Thursday, April 12, 2018

Book Review: Final Girls

Title: Final Girls
Author: Riley Sager
Genre: Adult | Thriller | Mystery
Publisher: Dutton
Publication Date: July 11, 2017
Source: Purchased
Format: Physical

Ten years ago, college student Quincy Carpenter went on vacation with five friends and came back alone, the only survivor of a horror movie–scale massacre. In an instant, she became a member of a club no one wants to belong to—a group of similar survivors known in the press as the Final Girls. Lisa, who lost nine sorority sisters to a college dropout's knife; Sam, who went up against the Sack Man during her shift at the Nightlight Inn; and now Quincy, who ran bleeding through the woods to escape Pine Cottage and the man she refers to only as Him. The three girls are all attempting to put their nightmares behind them, and, with that, one another. Despite the media's attempts, they never meet. Now, Quincy is doing well—maybe even great, thanks to her Xanax prescription. She has a caring almost-fiancé, Jeff; a popular baking blog; a beautiful apartment; and a therapeutic presence in Coop, the police officer who saved her life all those years ago. Her memory won’t even allow her to recall the events of that night; the past is in the past.  That is, until Lisa, the first Final Girl, is found dead in her bathtub, wrists slit, and Sam, the second, appears on Quincy's doorstep. Blowing through Quincy's life like a whirlwind, Sam seems intent on making Quincy relive the past, with increasingly dire consequences, all of which makes Quincy question why Sam is really seeking her out. And when new details about Lisa's death come to light, Quincy's life becomes a race against time as she tries to unravel Sam's truths from her lies, evade the police and hungry reporters, and, most crucially, remember what really happened at Pine Cottage, before what was started ten years ago is finished (goodreads).

Final Girls was unexpected. 
Plot: While the synopsis is super long, I was intrigued by a club of Final Girls: girls who survived horrific situations. Final Girls followed Quincy as she tried to find normalcy after seeing all of her friends fatally stabbed in the woods. That's enough to make anyone pick up a book, but Final Girls spiraled out of control toward the end. I will say that Final Girls made it difficult for me to put down because of the relatively short chapters and cuts to Quincy's horrific night of murder and mayhem. I wanted to watch the events unfold, but I just couldn't handle the chaos of the ending. Don't get me wrong, the ending will surprise and shock you, but it all felt like it came out of the left field. I couldn't stop rolling my eyes by the time I reached the end.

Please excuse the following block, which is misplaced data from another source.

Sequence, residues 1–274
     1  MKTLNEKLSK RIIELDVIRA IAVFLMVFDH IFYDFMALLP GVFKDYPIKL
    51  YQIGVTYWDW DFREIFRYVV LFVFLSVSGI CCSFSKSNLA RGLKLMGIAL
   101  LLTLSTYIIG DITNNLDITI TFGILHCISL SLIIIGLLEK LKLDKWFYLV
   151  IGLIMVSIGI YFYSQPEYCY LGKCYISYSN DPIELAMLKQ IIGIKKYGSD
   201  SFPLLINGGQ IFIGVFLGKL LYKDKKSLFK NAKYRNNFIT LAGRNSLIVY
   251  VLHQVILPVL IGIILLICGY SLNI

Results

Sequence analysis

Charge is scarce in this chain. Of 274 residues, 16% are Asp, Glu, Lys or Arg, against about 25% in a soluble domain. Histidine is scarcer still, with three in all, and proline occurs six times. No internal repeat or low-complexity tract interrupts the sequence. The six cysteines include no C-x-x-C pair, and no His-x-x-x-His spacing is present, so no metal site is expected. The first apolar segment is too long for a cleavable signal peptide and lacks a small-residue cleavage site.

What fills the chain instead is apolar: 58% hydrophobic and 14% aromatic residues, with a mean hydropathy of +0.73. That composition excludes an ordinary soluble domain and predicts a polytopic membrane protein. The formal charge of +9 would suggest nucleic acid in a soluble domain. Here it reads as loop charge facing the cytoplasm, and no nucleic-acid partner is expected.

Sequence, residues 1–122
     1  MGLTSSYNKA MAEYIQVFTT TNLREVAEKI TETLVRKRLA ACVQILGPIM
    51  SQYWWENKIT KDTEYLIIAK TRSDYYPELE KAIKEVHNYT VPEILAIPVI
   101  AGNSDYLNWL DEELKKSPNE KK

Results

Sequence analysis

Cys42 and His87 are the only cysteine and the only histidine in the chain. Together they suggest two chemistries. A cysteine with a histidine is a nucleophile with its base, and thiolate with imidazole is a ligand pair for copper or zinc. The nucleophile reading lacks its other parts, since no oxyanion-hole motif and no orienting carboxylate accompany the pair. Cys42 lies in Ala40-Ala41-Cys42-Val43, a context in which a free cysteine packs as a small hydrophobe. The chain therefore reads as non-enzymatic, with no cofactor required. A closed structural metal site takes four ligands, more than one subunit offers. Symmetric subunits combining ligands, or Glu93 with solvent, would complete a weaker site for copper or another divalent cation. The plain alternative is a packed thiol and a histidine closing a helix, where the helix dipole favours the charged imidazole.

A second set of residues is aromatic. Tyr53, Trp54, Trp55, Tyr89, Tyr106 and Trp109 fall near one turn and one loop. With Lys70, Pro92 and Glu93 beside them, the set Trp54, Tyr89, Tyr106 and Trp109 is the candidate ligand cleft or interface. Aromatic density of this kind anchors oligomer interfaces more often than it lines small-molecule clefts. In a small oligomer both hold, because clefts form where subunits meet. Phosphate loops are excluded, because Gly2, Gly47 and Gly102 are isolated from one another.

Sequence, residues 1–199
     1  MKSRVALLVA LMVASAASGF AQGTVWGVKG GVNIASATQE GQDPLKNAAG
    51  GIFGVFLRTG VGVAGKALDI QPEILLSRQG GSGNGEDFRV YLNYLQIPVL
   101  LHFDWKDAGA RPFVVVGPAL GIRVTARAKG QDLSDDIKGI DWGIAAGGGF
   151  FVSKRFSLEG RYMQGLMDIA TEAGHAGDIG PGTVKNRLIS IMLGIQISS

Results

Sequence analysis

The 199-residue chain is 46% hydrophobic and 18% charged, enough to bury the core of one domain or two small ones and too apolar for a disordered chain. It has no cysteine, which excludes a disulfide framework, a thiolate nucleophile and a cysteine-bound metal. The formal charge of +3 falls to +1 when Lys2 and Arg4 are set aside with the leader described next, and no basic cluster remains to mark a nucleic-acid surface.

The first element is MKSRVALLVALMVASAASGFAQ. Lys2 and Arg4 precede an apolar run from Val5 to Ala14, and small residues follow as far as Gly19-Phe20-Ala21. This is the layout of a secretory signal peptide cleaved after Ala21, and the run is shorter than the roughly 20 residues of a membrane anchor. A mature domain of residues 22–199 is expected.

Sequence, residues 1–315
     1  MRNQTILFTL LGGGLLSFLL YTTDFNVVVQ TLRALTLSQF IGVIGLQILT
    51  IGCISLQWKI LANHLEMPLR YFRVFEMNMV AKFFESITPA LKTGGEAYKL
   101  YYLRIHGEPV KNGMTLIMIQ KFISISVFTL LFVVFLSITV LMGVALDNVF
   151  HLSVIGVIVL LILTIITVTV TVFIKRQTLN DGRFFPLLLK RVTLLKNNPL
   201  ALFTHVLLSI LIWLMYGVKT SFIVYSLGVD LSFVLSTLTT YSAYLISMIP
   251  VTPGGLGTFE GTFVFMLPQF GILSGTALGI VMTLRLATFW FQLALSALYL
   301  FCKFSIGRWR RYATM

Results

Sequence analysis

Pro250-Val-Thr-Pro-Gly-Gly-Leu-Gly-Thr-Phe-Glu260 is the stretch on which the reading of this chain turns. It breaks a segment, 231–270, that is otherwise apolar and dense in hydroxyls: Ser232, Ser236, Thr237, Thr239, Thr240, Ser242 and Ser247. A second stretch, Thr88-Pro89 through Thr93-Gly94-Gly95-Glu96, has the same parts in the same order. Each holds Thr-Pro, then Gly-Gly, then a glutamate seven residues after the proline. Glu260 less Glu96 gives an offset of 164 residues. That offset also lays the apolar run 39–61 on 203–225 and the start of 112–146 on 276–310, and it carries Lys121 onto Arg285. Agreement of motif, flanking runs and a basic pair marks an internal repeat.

Characters: At the end of the day, Final Girls was about Quincy. Quincy claimed that she had moved on from the night she watched all of her friends die, but in reality, she just shoved all of those memories to a dark corner of her mind and never visited them again. Upon Sam's arrival, Quincy got to discover a part of her she had tucked away for over a decade, a part that was destructive and selfish. It was fascinating to see Quincy's demeanor change and how far she was willing to go. The side characters were fairly fleshed out, but only in how they related to Quincy. 

Worldbuilding: As I mentioned, Final Girls explored Quincy's reaction to Lisa's suicide and the events leading up to the Pine Cottage massacre. Truthfully, I preferred the chapters from Pine Cottage because it let the reader see a different side to Quincy and explore her relationship with her college friends. 

Short N Sweet: Final Girls was intriguing, but the ending ruined it for me. 


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